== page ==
Ron Paul or Bust

The libertarian candidates’ fans spend a few final days trying to make him president.

U.S. Rep. Ron Paul during a rally in the Sun Dome at the University of South Florida in Tampa on Sunday, on the eve of the postponed Republican convention.

Photo by Joe Raedle/Getty Images

TAMPA—The Ron Paul RepubliCAN “We Are the Future Rally” breaks the first rule of campaign events—pack the front rows. The University of South Florida Sun Dome, which seats 10,411, is full-up in the second and third decks. The bottom deck isn’t full. Easily more than 100 seats, in clean view of TV cameras, are empty, even when the noon start time arrives. Those seats were supposed to be for Republican National Committee delegates. There were supposed to be more of them.

“We welcome you, delegates!” says our MC, presidential family historian and Paul diehard Doug Wead. Alas, “some are so traumatized that they aren’t even coming here.” They’d been “locked out, lied to, told that the ‘nays’ have it when we can all see on YouTube that the ‘ayes’ have it.”

Everybody boos; everybody knows. The big boys down the road, at the convention center, need to be shamed and exposed and shamed some more. Ron Paul supporters are not immune to paranoia, and in rooms all over Tampa, they are trading rumors about the ways their movement is being screwed. Did you hear that they kicked out all our delegates? The RNC sent out a message that this rally was cancelled. And so on.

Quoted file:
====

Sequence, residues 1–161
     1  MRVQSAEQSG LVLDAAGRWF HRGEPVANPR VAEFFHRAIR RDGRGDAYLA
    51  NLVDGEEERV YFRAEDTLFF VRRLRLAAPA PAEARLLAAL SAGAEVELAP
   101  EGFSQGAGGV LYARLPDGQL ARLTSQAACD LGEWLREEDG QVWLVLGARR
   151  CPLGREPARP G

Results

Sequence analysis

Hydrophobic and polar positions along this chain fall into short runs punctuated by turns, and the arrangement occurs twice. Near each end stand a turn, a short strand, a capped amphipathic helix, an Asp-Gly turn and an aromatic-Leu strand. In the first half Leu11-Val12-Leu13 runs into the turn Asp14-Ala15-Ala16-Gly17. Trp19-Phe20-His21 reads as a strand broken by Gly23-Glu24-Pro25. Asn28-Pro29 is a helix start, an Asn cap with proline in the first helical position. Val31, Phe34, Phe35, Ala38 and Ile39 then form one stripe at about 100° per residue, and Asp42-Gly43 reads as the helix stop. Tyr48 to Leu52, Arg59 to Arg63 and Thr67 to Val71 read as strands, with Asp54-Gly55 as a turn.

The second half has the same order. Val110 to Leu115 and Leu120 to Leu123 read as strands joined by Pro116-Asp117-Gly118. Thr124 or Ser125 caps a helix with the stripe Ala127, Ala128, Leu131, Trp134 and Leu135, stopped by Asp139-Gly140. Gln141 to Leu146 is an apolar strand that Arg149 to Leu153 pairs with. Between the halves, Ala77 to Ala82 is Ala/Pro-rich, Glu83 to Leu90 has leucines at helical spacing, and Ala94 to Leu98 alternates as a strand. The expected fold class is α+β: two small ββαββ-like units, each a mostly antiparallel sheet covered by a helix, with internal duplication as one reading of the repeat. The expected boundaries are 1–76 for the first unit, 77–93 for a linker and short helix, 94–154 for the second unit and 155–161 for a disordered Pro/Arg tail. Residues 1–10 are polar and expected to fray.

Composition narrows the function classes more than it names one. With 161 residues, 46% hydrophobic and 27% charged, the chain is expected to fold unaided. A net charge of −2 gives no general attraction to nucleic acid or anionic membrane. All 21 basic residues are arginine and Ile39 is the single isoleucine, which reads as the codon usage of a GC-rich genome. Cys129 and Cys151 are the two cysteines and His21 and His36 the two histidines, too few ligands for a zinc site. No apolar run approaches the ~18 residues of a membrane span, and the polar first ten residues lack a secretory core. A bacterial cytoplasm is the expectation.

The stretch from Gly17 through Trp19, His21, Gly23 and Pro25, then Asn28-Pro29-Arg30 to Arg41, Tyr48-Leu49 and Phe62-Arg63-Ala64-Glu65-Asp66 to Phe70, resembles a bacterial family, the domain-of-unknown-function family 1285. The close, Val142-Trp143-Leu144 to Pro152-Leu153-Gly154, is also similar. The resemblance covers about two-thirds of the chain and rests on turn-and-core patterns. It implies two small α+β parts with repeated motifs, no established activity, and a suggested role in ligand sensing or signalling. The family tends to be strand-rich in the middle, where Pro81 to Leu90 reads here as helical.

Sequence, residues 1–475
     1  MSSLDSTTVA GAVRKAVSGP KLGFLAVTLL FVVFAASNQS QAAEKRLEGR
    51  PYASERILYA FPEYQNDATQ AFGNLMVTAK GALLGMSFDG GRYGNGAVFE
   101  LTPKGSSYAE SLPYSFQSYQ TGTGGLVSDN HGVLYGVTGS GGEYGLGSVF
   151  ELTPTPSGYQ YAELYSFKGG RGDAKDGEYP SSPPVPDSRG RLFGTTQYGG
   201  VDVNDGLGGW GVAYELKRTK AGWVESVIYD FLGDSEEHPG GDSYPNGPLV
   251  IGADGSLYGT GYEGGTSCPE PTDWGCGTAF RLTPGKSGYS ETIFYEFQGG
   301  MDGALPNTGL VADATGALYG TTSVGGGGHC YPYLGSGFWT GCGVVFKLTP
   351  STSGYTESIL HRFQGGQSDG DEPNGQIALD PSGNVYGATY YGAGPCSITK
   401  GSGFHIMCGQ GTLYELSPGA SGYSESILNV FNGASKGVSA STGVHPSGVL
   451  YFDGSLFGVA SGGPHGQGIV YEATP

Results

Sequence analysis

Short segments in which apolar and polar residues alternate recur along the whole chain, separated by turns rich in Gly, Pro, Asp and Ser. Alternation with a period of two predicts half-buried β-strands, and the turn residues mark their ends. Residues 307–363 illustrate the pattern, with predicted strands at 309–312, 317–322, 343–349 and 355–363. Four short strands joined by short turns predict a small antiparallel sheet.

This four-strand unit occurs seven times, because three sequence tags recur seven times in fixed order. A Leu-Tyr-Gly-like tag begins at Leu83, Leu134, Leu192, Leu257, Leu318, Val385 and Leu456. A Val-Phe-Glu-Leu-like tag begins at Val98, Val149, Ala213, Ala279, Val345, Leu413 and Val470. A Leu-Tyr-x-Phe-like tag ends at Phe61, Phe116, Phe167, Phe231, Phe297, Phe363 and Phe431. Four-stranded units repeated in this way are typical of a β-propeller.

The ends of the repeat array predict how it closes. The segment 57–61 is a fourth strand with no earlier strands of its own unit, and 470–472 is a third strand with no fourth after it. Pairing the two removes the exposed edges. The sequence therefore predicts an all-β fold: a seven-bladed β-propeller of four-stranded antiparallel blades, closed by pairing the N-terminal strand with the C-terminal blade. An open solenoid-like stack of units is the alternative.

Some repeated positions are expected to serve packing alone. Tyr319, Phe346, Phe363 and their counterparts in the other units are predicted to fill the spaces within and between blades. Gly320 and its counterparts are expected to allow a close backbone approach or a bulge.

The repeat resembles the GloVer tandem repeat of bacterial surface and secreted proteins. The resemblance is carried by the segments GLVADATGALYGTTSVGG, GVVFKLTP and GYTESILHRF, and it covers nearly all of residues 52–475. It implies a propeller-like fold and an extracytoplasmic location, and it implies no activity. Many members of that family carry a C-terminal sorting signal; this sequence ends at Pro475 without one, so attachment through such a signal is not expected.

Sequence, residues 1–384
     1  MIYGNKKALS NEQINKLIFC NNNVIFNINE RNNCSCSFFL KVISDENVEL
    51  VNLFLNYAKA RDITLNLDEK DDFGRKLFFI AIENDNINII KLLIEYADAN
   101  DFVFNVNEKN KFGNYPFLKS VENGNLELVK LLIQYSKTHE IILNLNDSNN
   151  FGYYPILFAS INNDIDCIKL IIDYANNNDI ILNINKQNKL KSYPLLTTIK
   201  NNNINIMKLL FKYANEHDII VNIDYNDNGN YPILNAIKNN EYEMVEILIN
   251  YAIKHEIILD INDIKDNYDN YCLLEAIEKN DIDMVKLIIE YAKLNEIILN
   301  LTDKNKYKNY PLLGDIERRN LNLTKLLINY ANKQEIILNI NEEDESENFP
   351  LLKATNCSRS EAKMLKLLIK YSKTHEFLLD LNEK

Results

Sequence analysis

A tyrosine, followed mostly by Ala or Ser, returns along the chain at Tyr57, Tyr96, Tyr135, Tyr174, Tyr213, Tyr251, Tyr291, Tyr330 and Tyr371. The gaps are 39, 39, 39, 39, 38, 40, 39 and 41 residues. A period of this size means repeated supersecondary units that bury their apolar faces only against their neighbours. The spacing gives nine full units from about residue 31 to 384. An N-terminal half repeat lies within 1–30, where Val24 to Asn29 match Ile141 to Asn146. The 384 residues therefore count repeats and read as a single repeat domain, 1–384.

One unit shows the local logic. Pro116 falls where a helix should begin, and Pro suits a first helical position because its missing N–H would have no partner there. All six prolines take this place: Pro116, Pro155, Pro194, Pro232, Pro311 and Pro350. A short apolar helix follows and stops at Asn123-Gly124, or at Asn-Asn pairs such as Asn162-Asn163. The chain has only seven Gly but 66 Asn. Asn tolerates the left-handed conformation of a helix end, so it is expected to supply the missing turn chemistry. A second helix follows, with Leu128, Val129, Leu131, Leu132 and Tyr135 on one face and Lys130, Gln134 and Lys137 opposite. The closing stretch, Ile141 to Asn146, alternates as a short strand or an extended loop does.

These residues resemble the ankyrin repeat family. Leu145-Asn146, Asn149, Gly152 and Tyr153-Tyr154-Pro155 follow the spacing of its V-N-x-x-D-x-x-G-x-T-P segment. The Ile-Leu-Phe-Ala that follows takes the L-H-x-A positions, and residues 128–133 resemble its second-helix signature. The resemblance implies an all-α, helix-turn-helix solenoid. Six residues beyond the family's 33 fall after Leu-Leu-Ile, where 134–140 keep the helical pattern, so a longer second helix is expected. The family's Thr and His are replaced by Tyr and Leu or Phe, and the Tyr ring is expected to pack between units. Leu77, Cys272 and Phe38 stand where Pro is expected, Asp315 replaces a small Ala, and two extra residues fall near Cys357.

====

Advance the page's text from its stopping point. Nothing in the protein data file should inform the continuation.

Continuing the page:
They’re right to be confused. This stuff is confusing. Paul’s third, and probably final (he’s 77), presidential bid ended with zero primary or preference poll wins. Thanks to proportional representation, he managed to grab a bunch of delegates in places like Rhode Island and Vermont and Virginia.

Then Paul’s movement seriously knuckled down. Throughout the spring and summer of 2012, Paul supporters swarmed state Republican conventions and precinct-county-district-state caucuses, scooping up delegates that lazy media counts had assigned to the “winners” of the preference-poll states. Iowa. Minnesota. Colorado. Maine. They needed pluralities in five state delegations in order to nominate Ron Paul from the convention floor on the first ballot. They failed.